The Affordable IT Item

May is the Right Time to Buy Majolica.

By: Regina Kolbe • May 01, 2010 • 0 Comments

Whimiscal. Wild. Elaborate and often overdone. These are just a few of the words used to describe Majolica ceramics.

The wonderful form has been around since the Eighth Century, when the Spanish began popularizing it. It later became a part of the back-to-nature movement of the Industrial Revolution.

This month, we suggest taking a second look at the many forms of Majolica. It is glorious, often amusing and guaranteed to inspire conversation.


How Many Make A Collection?

 

I just heard from a friend who said she can’t pass an antique store without stopping in and buying something.

While world class shopping is fun, it can lead to complications, like making sure you are buying wisely and with an eye toward decorating and displaying your acquisitions.

Take a reality check before impulse buying. Keep in mind your theme or how you want to grow your collection. This way, buying becomes collecting and not simply accumulating.

Speaking of themes, if you haven’t yet decided what to collect, consider the things you already like. Perhaps you love shoes and have a bulging closet of them. You could always look for the kinds that don’t take up as much room.

I recently saw an antique Majolica shoe that told the entire story of a cobbler’s career. First of all, the ceramic shoe was so well done that you could swear it was leather. But the shoe wasn’t a fancy new one. The artisan had created a shoe with a run down heel and a mouse peeking out the hole in the toe. It was an allegory of the period, clearly, having to do with the impact of of 19th Century industrialization. Still, it was a charming, whimsical offering that could be placed anywhere because it spoke volumes.

I have also seen Majolica that is kitschy and Majolica that is elegant. The former, in the form of two standing pelicans, would have made fine garden ornaments. The vases and cachepots shown here on Latique are nothing less than awesome additions to a garden, mantelpiece or dining table.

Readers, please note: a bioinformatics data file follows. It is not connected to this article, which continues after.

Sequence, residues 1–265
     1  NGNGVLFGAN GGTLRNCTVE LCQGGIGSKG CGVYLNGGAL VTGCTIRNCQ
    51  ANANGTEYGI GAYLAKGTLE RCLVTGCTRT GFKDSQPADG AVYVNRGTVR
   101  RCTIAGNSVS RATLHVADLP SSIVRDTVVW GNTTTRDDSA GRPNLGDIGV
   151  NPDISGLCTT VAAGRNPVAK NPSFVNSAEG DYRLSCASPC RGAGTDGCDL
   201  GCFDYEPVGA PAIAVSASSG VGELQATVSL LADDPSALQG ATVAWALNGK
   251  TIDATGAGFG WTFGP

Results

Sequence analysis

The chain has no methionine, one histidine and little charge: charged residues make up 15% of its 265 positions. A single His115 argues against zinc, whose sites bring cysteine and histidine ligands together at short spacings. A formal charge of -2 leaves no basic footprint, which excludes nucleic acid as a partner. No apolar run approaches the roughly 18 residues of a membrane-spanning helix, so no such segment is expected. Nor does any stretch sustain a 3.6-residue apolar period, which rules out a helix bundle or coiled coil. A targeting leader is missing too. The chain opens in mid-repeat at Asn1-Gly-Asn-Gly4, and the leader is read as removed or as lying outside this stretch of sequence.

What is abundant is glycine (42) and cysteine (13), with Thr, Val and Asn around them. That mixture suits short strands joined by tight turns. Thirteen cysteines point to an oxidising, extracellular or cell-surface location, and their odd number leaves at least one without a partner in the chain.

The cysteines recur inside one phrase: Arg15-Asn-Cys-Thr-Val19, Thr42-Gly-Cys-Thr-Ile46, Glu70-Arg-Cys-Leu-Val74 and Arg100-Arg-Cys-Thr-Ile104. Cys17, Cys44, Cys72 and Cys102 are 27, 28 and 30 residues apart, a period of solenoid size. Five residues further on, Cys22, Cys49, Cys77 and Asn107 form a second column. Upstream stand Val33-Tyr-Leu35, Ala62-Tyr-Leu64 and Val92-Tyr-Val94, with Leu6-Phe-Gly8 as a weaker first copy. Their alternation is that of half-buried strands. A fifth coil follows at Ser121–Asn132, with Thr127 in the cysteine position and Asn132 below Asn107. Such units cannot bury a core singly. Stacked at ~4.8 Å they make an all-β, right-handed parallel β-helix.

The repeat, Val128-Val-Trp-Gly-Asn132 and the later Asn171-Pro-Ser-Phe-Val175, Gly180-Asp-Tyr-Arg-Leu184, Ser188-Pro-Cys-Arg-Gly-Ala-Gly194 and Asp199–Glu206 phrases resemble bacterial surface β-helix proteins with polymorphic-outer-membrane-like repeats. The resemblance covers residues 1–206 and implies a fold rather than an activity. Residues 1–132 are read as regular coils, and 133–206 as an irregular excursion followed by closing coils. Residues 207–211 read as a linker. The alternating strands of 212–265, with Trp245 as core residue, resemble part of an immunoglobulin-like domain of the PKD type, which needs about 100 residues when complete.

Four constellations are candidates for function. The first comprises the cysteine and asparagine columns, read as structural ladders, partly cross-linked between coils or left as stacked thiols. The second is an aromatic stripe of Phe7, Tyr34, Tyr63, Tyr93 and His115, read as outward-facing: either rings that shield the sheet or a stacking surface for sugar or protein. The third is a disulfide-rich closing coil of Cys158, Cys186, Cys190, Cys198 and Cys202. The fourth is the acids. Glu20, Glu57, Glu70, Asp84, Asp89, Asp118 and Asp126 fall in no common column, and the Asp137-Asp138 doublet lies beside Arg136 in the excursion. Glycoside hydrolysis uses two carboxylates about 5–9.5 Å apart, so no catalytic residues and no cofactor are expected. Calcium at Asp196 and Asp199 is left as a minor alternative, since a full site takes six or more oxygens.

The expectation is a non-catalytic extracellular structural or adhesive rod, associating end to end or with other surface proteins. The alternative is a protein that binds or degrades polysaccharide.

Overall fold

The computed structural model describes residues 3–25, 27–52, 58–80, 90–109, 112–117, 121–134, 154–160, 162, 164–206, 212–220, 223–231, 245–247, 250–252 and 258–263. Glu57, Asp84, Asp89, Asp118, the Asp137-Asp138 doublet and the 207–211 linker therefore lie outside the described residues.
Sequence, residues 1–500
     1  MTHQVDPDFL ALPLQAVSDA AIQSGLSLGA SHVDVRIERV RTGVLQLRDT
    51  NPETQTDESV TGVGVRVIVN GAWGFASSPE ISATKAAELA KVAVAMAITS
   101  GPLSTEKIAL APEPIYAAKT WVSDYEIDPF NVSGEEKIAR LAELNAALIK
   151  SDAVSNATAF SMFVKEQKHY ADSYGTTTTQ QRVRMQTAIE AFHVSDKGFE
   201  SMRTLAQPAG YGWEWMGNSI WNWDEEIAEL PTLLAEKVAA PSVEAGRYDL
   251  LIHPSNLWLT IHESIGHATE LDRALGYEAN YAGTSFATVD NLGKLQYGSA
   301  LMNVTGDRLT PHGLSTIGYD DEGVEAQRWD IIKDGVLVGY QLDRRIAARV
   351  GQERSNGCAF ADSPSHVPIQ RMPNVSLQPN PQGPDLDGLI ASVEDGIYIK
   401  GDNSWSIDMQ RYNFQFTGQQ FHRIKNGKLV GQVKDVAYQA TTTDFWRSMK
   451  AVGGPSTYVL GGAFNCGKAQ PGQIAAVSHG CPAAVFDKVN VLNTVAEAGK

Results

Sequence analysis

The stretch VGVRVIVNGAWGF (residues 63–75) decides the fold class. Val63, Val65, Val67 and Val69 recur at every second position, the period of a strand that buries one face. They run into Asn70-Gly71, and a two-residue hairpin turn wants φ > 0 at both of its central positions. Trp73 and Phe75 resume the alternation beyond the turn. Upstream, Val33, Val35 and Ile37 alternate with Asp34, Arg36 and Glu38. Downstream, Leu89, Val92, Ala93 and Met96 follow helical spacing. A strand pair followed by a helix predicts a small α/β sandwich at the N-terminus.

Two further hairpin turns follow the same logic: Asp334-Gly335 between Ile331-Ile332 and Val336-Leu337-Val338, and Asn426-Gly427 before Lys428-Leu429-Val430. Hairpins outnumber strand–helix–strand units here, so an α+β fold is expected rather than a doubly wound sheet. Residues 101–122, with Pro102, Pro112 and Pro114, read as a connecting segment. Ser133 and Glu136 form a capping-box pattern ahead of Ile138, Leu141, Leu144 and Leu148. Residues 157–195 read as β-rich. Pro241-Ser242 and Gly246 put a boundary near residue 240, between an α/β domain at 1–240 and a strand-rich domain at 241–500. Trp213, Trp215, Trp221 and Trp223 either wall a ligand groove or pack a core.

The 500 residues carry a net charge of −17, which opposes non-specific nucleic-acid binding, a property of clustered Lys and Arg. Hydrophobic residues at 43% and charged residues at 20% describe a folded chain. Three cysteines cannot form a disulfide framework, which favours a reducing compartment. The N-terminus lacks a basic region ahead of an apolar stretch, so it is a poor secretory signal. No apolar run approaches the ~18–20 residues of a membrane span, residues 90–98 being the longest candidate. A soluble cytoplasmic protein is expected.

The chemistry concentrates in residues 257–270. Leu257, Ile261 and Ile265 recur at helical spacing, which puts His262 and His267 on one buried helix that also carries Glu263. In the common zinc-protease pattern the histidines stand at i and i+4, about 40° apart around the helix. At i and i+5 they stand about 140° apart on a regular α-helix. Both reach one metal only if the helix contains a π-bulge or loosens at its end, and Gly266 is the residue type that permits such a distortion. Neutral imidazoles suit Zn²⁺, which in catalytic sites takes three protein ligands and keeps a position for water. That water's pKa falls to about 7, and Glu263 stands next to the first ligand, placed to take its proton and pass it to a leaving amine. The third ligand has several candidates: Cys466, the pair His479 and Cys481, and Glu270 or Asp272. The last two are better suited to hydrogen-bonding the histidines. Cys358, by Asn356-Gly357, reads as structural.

When I see large collections of majolica, I wonder how they got started. Blue Majolica vases

It has been said that buying one item makes it a unique attraction in your home. Buying two gives you a pair, though not necessarily a matching pair. Three is a set. Four is a collection. More than four, you’d best start thinking how to display them.

Overall, there are two general ways to display your treasures. The first, of course, is to showcase one at a time. (Perfect for large or dramatic items.) The other is to group them. And the third – I love this approach – is to rotate your items.

Just because you have many doesn’t mean they all need to be on display all the time. Showing a few at a time keeps you home looking fresh and simple

You can edit by seasons, theme or favorites. Meanwhile, tuck the items that don’t make your cut safely away for another rotation.

Display becomes more an issue when the items you love are small. That’s when you need to start thinking about buying a breakfront or vitrine. These glass-faced case pieces are the perfect solution.  (You’ll see several different styles here on Latique.)

Interestingly, the celebrity decorators we feature in Latique Magazine all have different approaches to displaying collections. By visiting Latique frequently, you will get a variety of insights on how to make the most of your collectibles.

In the meantime, check out Majolica. These highly decorative pieces have the potential to make a huge statement.

When you buy antiques online or anywhere else, purchase wisely. It's better to own your antiques than have them own you.